How can we reduce violence against women? According to George Washington University’s Global Women’s Institute, one crucial solution is currently stalled in Congress: immigration reform. The study notes that giving undocumented refugees and immigrants a visa or a path to citizenship will help protect them from exploitation by employers and partners. Legal status would give these vulnerable women the means — and the courage — to stand up for their rights, both at work and at home, and to seek health and social services without the threat of deportation.
Women account for more than half of all foreign-born people in the U.S. and 48% of refugees, and yet only 27% of work visas issued in the U.S. go to women. GWI’s study suggests that if comprehensive immigration reform were passed, it could significantly reduce the overall level of violence against women in America.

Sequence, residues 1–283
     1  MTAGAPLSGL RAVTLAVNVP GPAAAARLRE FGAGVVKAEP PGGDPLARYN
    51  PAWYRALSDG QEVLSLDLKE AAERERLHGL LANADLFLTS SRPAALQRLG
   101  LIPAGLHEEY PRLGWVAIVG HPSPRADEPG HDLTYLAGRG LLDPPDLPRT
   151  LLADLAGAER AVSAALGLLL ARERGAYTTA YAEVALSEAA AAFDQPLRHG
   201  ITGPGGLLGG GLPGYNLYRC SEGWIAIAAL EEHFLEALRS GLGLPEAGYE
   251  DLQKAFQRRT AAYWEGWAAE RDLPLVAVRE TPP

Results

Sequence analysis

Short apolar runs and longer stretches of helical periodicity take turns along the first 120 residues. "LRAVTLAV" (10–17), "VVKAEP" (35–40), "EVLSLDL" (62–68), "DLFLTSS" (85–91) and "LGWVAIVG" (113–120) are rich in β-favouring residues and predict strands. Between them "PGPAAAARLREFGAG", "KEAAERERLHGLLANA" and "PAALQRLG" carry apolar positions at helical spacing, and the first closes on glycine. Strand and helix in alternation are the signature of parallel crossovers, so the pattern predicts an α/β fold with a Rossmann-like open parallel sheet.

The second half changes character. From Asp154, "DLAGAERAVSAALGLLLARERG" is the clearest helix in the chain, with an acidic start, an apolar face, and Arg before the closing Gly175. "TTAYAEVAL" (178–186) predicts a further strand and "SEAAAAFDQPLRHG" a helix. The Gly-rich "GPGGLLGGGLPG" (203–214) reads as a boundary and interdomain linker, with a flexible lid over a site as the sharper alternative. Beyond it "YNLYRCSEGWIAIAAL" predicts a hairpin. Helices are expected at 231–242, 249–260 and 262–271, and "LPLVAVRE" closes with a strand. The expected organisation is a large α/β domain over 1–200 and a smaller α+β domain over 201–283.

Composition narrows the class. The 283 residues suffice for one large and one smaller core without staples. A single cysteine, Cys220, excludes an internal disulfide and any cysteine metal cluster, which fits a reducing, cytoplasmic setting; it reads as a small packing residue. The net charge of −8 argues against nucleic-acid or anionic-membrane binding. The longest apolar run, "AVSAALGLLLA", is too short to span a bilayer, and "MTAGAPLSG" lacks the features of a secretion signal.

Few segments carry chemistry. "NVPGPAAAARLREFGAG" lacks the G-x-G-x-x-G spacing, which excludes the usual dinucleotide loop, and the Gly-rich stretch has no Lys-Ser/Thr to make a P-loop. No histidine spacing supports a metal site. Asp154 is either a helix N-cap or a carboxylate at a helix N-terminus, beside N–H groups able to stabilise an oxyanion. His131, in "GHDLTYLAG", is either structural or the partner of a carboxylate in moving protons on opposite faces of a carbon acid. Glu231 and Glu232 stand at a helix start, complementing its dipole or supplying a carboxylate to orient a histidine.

“Every day that we delay action on reform that reflects the needs and contributions of immigrant women, our country is paying a terrible price,” said Pramila Jayapal, co-chair of We Belong Together, a campaign to mobilize women’s support of immigration reform that would prioritize women. “We are tearing families apart, missing out on the talents of millions of dedicated women workers and putting women’s lives in jeopardy.” Now it’s up to the politicians in Washington to act.